THRAKOMAKEDONES, Greece (AP) – Wildfires ravaged some of Greece’s last remaining forests on Saturday, encroaching on more populated areas after burning dozens of homes, businesses and farms during the country’s worst heat wave in three decades.
One of the massive fires threatened the most important national park in the Greek capital and sent choking smoke to the Athens area, where authorities have set up a hotline for residents with respiratory problems. Thousands of residents and vacationers in areas where fires broke out days ago have fled by land and sea.
In apocalyptic scenes overnight and through to Saturday morning, ferries evacuated 1,153 people from a seaside village and beaches in Evia, an island of rugged and wooded mountains popular with vacationers and campers, after the The approaching flames cut off all other means of escape. People would grab babies and carry old people on chairs when they boarded small ferries.
A local official in the southern Peloponnese of Mani, the site of another major fire, estimated that 70% of the area had been destroyed.
“It’s a biblical disaster. We are talking about three quarters of the municipality,” East Mani deputy mayor Drakoulakou told state broadcaster ERT, pleading for more support from the dropped planes.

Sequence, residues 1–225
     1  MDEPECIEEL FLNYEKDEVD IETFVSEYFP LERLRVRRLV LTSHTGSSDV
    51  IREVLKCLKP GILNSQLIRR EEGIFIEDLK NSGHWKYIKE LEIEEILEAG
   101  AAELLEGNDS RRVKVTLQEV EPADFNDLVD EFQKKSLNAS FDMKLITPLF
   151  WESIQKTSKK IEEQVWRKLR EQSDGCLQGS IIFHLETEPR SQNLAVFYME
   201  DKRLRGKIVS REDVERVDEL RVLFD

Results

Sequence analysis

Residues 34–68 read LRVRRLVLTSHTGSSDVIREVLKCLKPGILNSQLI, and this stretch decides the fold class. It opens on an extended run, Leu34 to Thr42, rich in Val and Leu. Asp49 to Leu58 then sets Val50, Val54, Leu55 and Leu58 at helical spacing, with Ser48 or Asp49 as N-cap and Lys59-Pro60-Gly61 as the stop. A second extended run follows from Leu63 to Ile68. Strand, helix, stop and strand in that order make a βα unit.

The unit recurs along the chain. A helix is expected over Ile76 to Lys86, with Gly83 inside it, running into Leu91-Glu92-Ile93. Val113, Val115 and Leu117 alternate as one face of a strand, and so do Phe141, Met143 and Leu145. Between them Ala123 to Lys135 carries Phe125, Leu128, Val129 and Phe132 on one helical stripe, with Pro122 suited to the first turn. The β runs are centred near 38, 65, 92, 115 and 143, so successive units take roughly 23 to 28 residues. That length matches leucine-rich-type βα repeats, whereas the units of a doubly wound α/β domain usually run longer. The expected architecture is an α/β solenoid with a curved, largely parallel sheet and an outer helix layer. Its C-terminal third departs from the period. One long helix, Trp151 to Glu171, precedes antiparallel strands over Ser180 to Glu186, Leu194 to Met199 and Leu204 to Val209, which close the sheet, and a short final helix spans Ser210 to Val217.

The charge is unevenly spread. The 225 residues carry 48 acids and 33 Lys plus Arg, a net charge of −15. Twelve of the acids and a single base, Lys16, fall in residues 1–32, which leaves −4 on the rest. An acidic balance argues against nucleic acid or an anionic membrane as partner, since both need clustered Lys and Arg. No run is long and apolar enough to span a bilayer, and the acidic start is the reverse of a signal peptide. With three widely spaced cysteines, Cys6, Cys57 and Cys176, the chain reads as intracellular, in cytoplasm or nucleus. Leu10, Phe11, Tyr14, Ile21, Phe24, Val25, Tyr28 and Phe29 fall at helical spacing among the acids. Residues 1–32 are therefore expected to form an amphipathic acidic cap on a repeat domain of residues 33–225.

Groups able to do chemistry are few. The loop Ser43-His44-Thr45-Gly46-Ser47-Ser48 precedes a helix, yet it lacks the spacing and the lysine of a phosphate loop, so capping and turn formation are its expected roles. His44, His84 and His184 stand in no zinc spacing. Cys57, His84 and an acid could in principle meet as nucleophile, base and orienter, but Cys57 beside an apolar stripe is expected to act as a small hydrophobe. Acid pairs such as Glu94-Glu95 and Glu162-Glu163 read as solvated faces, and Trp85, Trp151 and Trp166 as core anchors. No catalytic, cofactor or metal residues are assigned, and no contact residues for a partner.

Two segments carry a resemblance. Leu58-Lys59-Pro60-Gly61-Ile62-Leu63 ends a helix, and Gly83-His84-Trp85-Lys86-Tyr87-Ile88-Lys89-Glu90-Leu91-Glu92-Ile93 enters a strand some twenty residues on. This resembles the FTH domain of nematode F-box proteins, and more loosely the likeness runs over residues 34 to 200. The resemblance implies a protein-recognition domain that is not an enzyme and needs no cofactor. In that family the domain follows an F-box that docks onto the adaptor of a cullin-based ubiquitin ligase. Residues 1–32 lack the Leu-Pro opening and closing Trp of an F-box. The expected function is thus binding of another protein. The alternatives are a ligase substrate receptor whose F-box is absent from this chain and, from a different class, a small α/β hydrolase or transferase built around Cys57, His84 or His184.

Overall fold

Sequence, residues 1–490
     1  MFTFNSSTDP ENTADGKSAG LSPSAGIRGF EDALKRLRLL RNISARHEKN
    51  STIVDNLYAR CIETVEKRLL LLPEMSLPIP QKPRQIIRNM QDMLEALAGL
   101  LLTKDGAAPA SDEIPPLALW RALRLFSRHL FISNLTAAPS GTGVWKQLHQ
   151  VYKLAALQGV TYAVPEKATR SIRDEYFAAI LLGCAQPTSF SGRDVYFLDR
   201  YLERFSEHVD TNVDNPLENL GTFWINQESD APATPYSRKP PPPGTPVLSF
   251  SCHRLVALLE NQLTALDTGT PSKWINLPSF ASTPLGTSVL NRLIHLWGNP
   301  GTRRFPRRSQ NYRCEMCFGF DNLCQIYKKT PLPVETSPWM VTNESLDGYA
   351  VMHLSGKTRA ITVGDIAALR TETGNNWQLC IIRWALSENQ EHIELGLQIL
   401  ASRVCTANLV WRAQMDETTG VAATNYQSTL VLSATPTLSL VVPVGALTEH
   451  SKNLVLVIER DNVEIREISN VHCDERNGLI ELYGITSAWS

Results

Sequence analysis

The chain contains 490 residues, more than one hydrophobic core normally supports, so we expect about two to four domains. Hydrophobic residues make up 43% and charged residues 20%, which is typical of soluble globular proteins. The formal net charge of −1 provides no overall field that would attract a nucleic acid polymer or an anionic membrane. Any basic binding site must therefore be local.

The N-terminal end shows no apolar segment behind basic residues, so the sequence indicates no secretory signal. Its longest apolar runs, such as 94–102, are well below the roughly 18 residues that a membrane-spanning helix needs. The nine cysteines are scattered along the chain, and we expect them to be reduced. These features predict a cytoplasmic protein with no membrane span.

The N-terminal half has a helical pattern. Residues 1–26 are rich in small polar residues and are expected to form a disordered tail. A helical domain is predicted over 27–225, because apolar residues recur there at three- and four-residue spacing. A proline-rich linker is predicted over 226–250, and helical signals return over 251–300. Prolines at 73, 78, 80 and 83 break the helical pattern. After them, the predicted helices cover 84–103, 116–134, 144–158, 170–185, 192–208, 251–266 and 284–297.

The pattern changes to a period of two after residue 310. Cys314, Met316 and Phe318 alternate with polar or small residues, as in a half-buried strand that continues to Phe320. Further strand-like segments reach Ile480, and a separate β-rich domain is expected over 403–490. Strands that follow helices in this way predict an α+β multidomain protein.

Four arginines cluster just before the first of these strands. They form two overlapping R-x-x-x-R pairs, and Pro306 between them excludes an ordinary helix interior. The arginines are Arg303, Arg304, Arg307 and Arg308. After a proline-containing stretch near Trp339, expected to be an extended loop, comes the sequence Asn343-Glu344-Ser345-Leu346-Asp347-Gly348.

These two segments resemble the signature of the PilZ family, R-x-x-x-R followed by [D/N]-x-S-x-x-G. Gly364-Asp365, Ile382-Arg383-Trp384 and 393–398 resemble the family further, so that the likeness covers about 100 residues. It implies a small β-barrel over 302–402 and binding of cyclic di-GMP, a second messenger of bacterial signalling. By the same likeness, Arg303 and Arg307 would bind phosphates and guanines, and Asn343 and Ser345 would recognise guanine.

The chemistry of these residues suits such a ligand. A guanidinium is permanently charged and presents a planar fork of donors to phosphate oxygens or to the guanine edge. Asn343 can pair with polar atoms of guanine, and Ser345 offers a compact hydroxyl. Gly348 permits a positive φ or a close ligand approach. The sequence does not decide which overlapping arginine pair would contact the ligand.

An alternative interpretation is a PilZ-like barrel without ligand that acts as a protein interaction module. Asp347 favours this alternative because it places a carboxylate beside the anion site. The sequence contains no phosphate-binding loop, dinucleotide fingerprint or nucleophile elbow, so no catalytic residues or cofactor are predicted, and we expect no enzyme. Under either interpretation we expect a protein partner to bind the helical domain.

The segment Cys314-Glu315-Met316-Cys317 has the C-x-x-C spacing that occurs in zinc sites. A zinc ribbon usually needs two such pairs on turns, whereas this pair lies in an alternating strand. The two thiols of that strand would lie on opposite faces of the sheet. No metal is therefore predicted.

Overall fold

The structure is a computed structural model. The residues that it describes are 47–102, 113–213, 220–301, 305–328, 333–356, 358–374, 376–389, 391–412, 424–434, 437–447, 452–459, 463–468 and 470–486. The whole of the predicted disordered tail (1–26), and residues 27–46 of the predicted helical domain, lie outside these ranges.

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Fires described as the worst in decades have also swept across swathes of neighboring Turkey’s southern coast in the past 10 days, killing eight people. Turkey’s senior forestry official said 217 fires had been brought under control since July 28 in more than half of the country’s provinces, while firefighters continued to work on Saturday to contain six fires in two provinces.
In Greece, the fire that broke out north of Athens killed a volunteer firefighter on Friday. At least 20 people have been injured in fires across the country. The multiple fires pushed the country’s firefighting forces to their limits as teams tackled the constant rekindling of several of the fires, including the large blaze that burned outside the capital.
The Greek government has appealed for help through the European Union’s emergency aid system. Firefighters and planes arrived from France, Ukraine, Cyprus, Croatia, Sweden and Israel, and more arrived from Romania and Switzerland on Saturday. Egypt announced on Saturday that it was sending two helicopters.
Greek Civil Protection Chief Nikos Hardalias, speaking at a briefing Friday evening, said firefighters were facing “exceptionally dangerous and unprecedented conditions” as they battled 154 wildfires this week, 64 of which were still burning overnight.
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“In the last few days, we have been faced with an unprecedented situation in our country, in the intensity and wide distribution of forest fires, and new outbreaks everywhere,” he said. “I want to assure you that all available forces are participating in the fight.”